Quarter of Japanese workers confess they want to kill their boss

Julian Ryall
A total of 27 percent of the 1,006 men and women aged between 20 and 69 who responded to a recent survey confessed to having had homicidal thoughts towards a superior - AP

More than one-quarter of the Japanese workers taking part in a survey admitted that the thought of killing their boss had crossed their mind on at least one occasion, underlining the stresses that employees here are often under. 

Fully 27 percent of the 1,006 men and women aged between 20 and 69 who responded to the recent survey by Shirabee confessed to having had homicidal thoughts towards a superior - with younger people in particular expressing sympathy for the frustrations and anger that are apparently bubbling just beneath the surface in many Japanese companies

“I would never kill anyone, but I can understand why so many people are driven to the brink by the way they are treated by their companies”, said Mayao Shibata, a translator from Tokyo. 

“I worked part-time in a high-end bistro in central Tokyo for a while and the manager was himself a frustrated 30-something employee who simply did not like me because I was at a good university and going places”, she told The Telegraph. “He made my life miserable; nothing I ever did was good enough. 

“If he treated a man like that, then I can imagine things could get violent”, she added. 

“I think that part of the problem in both Japanese companies and society in general is that there is too much respect for seniority that is based on age rather than ability”, she said. “It is difficult for younger people with good new ideas to get their suggestions across or to move up in a company, but there is still too much importance attached to seniority for no good reason”.

Makoto Watanabe, a senior lecturer in communications at Hokkaido Bunkyo University, agrees - and admits that he has been pushed close to the edge himself.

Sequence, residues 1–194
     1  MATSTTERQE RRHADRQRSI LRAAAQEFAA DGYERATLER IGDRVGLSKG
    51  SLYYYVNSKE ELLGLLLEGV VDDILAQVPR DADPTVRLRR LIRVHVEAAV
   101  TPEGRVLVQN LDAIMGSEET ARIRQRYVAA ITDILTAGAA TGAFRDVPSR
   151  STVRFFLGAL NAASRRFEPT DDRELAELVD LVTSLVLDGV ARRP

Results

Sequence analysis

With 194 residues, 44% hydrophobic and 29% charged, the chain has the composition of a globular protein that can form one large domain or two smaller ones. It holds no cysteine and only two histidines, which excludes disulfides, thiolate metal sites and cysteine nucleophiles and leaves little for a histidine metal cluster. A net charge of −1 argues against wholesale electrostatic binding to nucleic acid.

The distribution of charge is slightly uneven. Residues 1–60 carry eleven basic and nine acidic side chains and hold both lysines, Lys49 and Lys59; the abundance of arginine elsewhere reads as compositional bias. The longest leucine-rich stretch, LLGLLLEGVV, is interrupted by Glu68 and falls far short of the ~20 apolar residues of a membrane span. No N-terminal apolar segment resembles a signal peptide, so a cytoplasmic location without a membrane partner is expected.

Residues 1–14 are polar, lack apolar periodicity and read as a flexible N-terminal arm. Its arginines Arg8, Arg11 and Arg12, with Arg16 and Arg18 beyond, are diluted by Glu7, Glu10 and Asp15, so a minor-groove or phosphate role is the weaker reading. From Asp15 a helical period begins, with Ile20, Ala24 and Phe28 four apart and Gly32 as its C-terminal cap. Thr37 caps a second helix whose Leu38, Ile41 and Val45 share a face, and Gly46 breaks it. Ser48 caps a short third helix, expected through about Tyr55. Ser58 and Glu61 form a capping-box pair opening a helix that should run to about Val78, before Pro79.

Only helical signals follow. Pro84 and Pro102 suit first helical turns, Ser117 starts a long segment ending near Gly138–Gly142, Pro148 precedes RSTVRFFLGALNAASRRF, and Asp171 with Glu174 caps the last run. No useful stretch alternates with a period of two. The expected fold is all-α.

“Too many old people refuse to retire because their entire identities and lives are wrapped up in their jobs and they will ‘be’ nothing if they leave, so they are blocking younger people coming through”, he said. 

Japan has also witnessed a proliferation of what are known as “black companies,” he said, which pay poorly, fail to provide health or insurance coverage and force staff to put in hours that are well beyond the legal limits. Stories of staff who are not paid if they leave are legendary, yet there is still a large pool of semi-skilled young people looking for employment. 

“These people are really being abused”, said Mr Watanabe. “They are paid badly, work in dangerous environments and have bad bosses, so in many ways it is a surprise that only 27 percent of people say they want to kill their boss”.

In March, police in Saitama Prefecture, north of Tokyo, arrested a 21-year-old part time worker at a bedroom furnishing warehouse on suspicion of setting fire to the building. It took firefighters 31 hours to bring the blaze under control, although there were no casualties. 

Satoru Sunaga admitted to arson and said he had started the fire “to relieve stress”, Fuji TV reported.